Cogswell court adopted the majority view that the courts, and not arbitrators, should
determine the arbitrability under NASD Code § 10304 of disputes submitted to
arbitration, absent a “clear and unmistakable” agreement to the contrary. See id. at 481;
see also, e.g., Oil, Chemical, & Atomic Workers Int’l Union v. Conoco, Inc., 241 F.3d
1299, 1304 (10th Cir. 2001); Riley Mfg. Co., Inc. v. Anchor Glass Container Corp., 157
F.3d 775, 779 (10th Cir. 1998).
        In analyzing the specific language at issue in Cogswell, the court determined that
the NASD Code provision at issue, stating that “[n]o dispute, claim or controversy shall
be eligible for submission to arbitration under this Code where six (6) years have elapsed
from the occurrence or event giving rise to the act or dispute, claim, or controversy,” see


                                            14
NASD Code § 10304, “‘can reasonably be read in only one way – as a substantive limit
on the claims that the parties have contracted to submit to arbitration.’” See Cogswell,
78 F.3d at 479 (quoting PaineWebber, Inc. v. Hofmann, 984 F.2d 1372, 1379 (3d. Cir.
1993)). We thus concluded that a reading of NASD Code § 10304 simply could not
provide the type of “clear and convincing” evidence that is required to allow arbitrators to
decide the arbitrability of the parties’ dispute.4 See id. at 480-81. Based upon this
finding, we concluded in Cogswell that “[§ 10304] of the NASD Code defines the
arbitrators’ substantive jurisdiction and [thus] that the courts, not the arbitrators
themselves, must decide whether a claim is time-barred under that provision.” Id. at
481.


                         1)         New York State law does not govern the arbitrability
                                issue
       Howsam argues that this court’s decision in Cogswell is not controlling because
the 1992 ACCESS Agreement contains a provision specifying that New York state law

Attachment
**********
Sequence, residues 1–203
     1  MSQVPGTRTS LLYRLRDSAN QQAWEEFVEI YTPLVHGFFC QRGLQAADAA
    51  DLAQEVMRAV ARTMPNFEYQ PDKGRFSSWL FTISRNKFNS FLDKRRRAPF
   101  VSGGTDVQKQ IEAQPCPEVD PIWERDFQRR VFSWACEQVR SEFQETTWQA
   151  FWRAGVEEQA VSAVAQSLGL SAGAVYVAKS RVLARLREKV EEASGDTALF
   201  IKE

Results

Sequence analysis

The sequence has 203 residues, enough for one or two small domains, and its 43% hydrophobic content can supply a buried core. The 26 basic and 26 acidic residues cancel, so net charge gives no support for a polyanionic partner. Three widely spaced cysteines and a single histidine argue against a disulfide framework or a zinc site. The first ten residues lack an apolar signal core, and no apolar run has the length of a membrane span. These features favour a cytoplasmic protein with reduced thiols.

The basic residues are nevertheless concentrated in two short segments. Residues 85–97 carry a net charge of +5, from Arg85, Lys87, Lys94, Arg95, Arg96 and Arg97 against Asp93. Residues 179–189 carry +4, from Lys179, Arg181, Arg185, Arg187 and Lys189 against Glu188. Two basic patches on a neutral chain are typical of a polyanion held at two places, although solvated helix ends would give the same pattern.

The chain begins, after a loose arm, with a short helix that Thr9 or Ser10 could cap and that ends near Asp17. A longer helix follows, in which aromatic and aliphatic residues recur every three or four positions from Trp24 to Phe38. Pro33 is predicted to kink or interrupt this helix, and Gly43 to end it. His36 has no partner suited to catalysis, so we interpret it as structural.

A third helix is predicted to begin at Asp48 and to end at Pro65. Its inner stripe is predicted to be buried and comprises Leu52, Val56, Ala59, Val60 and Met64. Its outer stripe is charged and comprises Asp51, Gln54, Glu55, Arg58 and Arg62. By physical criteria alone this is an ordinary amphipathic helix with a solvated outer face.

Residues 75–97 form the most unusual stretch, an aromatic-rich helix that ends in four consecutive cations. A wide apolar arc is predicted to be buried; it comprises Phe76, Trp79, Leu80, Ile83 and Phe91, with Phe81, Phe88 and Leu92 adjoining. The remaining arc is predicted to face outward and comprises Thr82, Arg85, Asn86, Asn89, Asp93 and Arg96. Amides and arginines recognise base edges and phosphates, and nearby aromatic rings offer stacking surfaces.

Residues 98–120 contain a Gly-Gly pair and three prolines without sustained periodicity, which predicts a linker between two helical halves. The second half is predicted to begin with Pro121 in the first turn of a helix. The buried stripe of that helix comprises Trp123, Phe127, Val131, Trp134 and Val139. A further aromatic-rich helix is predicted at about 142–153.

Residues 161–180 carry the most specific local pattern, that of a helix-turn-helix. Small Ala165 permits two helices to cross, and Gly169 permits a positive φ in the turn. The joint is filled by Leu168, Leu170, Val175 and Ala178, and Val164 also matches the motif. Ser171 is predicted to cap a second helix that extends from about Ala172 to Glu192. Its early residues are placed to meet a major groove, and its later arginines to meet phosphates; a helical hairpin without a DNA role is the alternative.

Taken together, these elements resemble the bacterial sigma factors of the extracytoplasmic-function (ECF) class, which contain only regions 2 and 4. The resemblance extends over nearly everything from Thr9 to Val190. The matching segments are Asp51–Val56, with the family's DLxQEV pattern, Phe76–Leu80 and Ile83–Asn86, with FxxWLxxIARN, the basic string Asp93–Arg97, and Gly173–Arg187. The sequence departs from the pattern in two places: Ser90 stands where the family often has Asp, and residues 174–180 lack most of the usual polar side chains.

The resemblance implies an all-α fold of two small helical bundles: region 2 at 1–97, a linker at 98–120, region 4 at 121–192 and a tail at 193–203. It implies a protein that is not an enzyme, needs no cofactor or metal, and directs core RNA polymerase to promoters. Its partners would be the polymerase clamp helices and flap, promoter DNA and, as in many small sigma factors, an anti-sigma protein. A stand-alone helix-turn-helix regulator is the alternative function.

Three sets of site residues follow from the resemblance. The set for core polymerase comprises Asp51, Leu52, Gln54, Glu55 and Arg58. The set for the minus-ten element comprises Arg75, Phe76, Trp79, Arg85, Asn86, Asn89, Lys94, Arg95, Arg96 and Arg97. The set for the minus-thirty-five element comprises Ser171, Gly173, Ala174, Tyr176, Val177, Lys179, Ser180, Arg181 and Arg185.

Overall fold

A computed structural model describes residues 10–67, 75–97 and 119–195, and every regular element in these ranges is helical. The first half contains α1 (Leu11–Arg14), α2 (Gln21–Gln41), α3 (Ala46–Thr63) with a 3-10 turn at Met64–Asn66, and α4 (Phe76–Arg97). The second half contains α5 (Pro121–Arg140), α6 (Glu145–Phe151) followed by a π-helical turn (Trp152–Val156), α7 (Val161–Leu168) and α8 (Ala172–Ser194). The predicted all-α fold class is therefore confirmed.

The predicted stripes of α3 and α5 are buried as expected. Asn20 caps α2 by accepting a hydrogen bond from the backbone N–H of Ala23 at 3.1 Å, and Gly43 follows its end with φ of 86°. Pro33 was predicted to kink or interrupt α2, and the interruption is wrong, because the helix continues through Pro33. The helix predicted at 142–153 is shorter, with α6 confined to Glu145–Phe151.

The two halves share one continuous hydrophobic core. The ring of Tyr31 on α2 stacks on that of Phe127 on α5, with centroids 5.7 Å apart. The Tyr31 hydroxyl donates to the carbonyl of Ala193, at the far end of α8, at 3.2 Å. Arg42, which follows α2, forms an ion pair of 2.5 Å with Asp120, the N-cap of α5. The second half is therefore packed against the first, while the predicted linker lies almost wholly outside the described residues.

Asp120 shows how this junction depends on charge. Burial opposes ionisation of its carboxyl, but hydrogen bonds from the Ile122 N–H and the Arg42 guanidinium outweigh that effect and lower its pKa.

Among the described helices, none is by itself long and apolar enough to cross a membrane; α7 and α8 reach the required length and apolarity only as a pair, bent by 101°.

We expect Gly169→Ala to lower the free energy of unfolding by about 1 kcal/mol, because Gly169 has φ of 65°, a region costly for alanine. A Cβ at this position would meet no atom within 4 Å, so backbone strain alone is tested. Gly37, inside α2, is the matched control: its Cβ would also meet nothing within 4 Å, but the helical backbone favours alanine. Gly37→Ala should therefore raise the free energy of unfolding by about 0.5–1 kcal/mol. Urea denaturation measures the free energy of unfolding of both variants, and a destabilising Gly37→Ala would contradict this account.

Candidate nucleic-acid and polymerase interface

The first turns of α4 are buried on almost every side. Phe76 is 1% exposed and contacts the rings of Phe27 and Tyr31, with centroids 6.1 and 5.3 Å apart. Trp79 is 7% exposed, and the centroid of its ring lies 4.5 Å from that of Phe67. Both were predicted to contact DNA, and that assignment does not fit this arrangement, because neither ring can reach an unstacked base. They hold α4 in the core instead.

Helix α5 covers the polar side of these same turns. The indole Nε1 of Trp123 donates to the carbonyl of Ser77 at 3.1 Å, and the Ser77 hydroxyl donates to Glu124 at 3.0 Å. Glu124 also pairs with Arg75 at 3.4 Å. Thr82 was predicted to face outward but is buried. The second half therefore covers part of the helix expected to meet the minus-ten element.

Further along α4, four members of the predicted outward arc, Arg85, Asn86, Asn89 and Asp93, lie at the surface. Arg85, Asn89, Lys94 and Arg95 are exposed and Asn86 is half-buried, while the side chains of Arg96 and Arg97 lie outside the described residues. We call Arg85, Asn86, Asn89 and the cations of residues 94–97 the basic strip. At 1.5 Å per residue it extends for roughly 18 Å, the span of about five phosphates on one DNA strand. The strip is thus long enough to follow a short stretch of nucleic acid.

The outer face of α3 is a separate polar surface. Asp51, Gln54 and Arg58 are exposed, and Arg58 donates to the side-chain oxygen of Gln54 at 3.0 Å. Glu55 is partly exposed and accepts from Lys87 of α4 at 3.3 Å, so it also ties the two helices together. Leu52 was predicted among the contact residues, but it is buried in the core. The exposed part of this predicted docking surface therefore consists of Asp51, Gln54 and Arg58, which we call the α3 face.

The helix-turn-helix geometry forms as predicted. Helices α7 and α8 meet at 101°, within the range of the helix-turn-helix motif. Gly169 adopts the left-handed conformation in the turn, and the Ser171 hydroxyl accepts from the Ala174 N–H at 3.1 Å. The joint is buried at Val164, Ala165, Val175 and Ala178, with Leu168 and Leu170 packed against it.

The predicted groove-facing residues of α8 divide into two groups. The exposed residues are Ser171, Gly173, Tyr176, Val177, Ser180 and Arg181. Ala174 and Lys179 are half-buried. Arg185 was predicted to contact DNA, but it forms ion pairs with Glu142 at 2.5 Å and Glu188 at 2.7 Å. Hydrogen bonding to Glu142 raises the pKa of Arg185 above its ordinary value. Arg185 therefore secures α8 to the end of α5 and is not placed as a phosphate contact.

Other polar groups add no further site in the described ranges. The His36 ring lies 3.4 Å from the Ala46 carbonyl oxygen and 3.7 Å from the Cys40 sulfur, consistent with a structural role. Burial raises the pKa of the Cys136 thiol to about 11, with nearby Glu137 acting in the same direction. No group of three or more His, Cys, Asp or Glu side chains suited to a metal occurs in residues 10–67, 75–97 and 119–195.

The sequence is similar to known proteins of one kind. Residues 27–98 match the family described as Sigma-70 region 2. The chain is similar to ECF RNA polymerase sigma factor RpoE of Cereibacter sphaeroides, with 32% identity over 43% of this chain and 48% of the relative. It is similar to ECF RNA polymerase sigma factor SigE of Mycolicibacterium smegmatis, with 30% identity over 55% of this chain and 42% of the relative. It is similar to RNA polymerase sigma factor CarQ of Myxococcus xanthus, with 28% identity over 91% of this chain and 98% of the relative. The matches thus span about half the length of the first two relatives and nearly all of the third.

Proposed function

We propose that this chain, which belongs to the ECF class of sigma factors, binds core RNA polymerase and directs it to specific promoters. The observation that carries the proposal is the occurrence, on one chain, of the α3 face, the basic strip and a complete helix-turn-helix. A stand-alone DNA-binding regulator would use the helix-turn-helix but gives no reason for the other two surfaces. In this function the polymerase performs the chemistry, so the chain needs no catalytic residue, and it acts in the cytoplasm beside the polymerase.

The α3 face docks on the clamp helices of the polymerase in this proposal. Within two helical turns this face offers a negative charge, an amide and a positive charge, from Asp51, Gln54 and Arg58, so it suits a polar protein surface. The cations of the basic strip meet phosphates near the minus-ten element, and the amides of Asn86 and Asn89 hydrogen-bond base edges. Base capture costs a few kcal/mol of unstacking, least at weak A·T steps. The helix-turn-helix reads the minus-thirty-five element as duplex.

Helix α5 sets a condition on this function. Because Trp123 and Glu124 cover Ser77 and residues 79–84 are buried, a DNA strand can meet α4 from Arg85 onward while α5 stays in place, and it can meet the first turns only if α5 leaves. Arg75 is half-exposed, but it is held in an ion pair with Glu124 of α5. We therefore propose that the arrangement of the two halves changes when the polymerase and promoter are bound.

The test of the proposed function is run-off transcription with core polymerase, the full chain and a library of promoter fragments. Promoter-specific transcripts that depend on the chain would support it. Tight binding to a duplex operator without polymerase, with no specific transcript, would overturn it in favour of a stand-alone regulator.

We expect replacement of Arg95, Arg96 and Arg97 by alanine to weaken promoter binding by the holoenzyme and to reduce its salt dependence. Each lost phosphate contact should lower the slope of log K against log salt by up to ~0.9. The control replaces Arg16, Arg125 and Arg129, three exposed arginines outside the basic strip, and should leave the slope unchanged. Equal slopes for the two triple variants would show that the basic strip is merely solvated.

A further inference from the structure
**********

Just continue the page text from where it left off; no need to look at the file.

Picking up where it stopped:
governs any dispute between the parties, “without reference to choice of law doctrine.”
Howsam notes that, after the Cogswell decision was handed down on February 23, 1996,
the New York Court of Appeals decided Smith Barney Shearson, Inc. v. Sacharow, 689
N.E.2d 884 (N.Y. 1997), in which it found that an arbitration agreement, which was
substantially similar to the agreements at issue in this case, provided “clear and
unmistakable” evidence that the parties intended to have the issue of arbitrability under
NASD Code § 10304 decided by an arbitrator rather than the courts.5
4
   We also concluded that NASD Code § 10324 (formerly NASD Code § 35), which
states that “arbitrators shall be empowered to interpret and determine the applicability of
all provisions under [the NASD Code],” see NASD Code § 10324, did not provide “clear
and unmistakable” evidence that the question of arbitrability should be decided by
arbitrators rather than the courts. See Cogswell, 78 F.3d at 480-81.
5
   In Sacharow, New York’s highest court reviewed an arbitration agreement which
stated that “‘[a]ny controversy . . . shall be settled by arbitration’ in accordance with the
rules of the NASD Code,” and which provided that all disputes would be governed by
New York law. See 689 N.E.2d at 885. The Sacharow court acknowledged that
arbitrability is ordinarily a question for the courts under New York law, but noted that
“an . . . exception has evolved which recognizes, respects and enforces a commitment by
the parties, nevertheless, to arbitrate even that issue when they ‘clearly and unmistakably
[so] provide.’” Id. at 887 (quoting AT&T, 475 U.S. at 649). Relying upon the Second